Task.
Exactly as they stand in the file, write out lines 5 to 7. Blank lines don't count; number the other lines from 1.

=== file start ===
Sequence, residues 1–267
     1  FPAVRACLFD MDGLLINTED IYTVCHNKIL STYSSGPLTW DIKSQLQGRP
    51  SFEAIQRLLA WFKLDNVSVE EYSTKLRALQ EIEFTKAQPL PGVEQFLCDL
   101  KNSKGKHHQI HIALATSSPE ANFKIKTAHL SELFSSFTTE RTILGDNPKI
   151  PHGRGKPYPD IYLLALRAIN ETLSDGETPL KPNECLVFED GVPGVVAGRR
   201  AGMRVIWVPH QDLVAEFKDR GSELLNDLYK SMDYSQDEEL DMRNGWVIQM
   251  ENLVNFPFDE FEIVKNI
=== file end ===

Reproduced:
   151  PHGRGKPYPD IYLLALRAIN ETLSDGETPL KPNECLVFED GVPGVVAGRR
   201  AGMRVIWVPH QDLVAEFKDR GSELLNDLYK SMDYSQDEEL DMRNGWVIQM
   251  ENLVNFPFDE FEIVKNI